You might be tempted to yawn when you learn that Norwegian Cruise Line just launched its sixth and final Jewel-class ship, the Gem, a 2,400-passenger vessel that home ports in the Big Apple in winter.
Stifle the yawn.
This sassy cruise line with the ambition to sail the youngest fleet of ships afloat by 2010 is full of surprises. Like its sister ships, the 93,000-ton Gem exudes a Caribbean feel. It's colorful, lighthearted, playful, young and decidedly more hip than staid.
Some lines' ships, Carnival's in particular, convey a youthful excitement with over-the-top neon and glitz. Not so Norwegian's Gem. Its decor sports lively splashes of iridescent Popsicle colors, offset by richly dark woods, all tastefully integrated with the furnishings and fabrics. In several public rooms, the furniture is fun-house funky and, in the atrium, almost Day-Glo luminescent.
Gem's Bliss Lounge might be the funkiest lounge at sea -- a union of Turkish harem quarters with canopied double beds and a bowling alley draws night owls into the wee hours.
And if Royal Caribbean's ships are for sports addicts, Norwegian's vessels definitely are for food freaks and vacationers who resist the regimented schedule of fixed dining options. With its bevy of 10 dining venues, the Gem is more akin to Manhattan's Restaurant Row on the briny.
With Gem's "FreeStyle" cruising, you can have it your way, says Colin Veitch, Norwegian's CEO and president. There are no formal nights or dress codes or fixed hours for dining.
Gone are early seating at 6 p.m. and late dinner at 8. You aren't assigned a table with dinner partners that don't suit you, either. In fact, you can dine almost anytime in any one of 10 attractive settings, including an outstanding French bistro; an Asian-fusion complex of three eateries that lets you indulge in sushi or Teppanyaki; and Cagney's, a knockout steakhouse. Prefer Italian or Latin flavors? There are dining spots for those as well.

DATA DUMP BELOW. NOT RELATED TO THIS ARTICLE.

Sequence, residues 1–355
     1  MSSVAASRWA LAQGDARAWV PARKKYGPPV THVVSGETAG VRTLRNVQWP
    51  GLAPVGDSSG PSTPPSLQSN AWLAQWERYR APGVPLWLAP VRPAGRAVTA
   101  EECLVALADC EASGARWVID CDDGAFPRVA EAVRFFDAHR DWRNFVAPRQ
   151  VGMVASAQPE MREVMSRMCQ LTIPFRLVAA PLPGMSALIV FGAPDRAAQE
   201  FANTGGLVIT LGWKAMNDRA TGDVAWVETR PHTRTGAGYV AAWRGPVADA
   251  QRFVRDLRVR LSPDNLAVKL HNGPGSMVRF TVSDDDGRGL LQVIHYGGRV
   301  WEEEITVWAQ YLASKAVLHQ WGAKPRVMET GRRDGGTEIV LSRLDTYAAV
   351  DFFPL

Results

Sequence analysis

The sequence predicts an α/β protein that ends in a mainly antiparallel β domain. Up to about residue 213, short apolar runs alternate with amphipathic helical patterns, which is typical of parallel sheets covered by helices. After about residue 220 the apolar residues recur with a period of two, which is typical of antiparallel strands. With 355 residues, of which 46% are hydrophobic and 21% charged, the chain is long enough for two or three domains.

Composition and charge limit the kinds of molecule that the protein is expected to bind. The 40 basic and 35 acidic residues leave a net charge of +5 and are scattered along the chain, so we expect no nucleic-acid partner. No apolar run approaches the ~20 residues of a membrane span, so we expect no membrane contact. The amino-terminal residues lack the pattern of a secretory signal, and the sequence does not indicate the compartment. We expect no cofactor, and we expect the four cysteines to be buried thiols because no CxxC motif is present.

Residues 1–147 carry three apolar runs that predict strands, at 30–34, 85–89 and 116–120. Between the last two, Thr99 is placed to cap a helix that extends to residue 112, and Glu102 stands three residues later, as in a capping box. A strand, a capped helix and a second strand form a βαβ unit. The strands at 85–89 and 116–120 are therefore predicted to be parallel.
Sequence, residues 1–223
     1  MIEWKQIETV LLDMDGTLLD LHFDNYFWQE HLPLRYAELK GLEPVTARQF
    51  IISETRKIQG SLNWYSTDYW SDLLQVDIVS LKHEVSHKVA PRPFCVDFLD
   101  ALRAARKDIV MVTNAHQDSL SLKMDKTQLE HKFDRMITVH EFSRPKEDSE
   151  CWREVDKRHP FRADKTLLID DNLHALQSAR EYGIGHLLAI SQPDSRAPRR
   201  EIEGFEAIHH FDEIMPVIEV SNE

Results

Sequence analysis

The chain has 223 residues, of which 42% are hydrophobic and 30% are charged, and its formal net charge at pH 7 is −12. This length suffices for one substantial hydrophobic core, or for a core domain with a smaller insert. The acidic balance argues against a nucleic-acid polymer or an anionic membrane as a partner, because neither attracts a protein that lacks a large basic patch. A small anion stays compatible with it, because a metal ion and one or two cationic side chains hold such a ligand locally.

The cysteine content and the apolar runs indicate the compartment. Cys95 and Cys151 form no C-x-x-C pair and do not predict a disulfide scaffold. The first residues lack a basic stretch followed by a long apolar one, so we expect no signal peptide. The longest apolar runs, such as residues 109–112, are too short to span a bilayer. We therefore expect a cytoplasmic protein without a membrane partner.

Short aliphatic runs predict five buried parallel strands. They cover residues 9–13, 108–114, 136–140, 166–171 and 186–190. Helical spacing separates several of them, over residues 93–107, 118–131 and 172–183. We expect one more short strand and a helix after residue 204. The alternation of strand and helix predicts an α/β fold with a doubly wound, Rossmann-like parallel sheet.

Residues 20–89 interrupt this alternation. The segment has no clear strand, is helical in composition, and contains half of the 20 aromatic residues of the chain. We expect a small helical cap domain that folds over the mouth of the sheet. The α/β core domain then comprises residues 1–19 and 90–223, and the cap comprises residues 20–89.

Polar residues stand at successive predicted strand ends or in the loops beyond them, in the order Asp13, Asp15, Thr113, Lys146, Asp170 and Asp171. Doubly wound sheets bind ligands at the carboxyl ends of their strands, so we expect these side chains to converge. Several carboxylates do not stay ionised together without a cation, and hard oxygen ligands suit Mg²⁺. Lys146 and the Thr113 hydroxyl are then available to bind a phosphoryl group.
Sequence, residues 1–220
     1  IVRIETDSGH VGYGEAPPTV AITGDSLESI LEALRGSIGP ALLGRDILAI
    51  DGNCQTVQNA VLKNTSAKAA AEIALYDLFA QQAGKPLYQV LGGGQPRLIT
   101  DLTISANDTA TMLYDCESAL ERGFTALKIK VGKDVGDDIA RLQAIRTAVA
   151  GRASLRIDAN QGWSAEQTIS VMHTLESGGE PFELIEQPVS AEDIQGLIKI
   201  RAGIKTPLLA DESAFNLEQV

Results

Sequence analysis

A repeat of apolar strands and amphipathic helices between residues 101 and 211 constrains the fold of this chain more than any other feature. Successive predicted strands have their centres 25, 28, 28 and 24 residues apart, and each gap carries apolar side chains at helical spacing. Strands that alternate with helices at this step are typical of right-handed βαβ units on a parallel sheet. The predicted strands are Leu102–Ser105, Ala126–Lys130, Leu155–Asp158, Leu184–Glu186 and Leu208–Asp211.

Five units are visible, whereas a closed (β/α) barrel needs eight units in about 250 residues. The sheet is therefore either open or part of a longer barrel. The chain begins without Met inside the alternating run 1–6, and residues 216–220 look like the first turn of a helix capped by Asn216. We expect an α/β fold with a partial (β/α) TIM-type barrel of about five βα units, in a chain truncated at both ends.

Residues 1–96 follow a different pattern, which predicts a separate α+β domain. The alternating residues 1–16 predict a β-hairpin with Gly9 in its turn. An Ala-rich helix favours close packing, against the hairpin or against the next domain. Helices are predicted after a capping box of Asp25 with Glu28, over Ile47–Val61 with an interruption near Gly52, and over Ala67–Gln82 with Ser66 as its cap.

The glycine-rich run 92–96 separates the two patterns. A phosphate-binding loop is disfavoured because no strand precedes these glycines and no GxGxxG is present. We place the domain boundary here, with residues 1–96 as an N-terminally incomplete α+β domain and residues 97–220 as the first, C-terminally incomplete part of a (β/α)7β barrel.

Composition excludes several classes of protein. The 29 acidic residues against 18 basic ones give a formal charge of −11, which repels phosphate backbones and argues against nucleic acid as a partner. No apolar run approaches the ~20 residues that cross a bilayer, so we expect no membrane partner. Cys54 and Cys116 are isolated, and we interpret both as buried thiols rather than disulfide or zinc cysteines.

One innovation on Gem that will go fleetwide soon replaces the typical ship buffet with food prepared a la minute and to order. As Veitch says, "No more bain-maries, holding trays, or steam containers." On the Gem, waitresses wait to escort you to your table with your plates of goodies.
In fact, Norwegian plans to spend an additional $53 million to enhance the line's dining experience.
Norwegian also brings a hallmark of luxury to mass-market cruising: Its Jewel-class vessels have Garden Villas that create a "ship within a ship," according to the line, a private super-luxe aerie atop ship separate and apart from the rest of the ocean liner, yet still accessible to amenities available only on a behemoth.
Fork over $26,000 for a week in a villa that accommodates as many as seven passengers, and you, too, can live like a millionaire in posh digs apart from other passengers but still enjoy the ship's glitzy entertainment, ka-chinging casinos and plentiful restaurants.
The Gem offers plentiful entertainment, too -- including Broadway-style musicals, lavish Vegas-like revues and a top-notch resident comedy troupe. "World Beat," a musical extravaganza that "tours" the world's most exotic destinations, conjures up such diverse elements as Irish dancing, tribal African rhythms, the passion of Spanish flamenco and hypnotizing Japanese Kodo drums.
The ship has a nice busy feel throughout, with passengers congregating at a multitude of piano bars and dance spots, as well as bubbly specialty troughs for champagne, whiskey, martinis and, of course, cappuccino.
In addition, there's gaming (roulette and blackjack tables) in the ship's observation lounge, on pool deck and in the Bliss Lounge.
Through April, the Gem will sail a seven-day Bahamas and Florida itinerary. In April, Gem repositions to Europe, where it will sail a series of 28 seven-day western Mediterranean itineraries round trip from Barcelona, Spain. In November and December, it will complete the year with another round of seven-day Bahamas and Florida sailings from New York City.
Arline and Sam Bleecker write for the Chicago Tribune.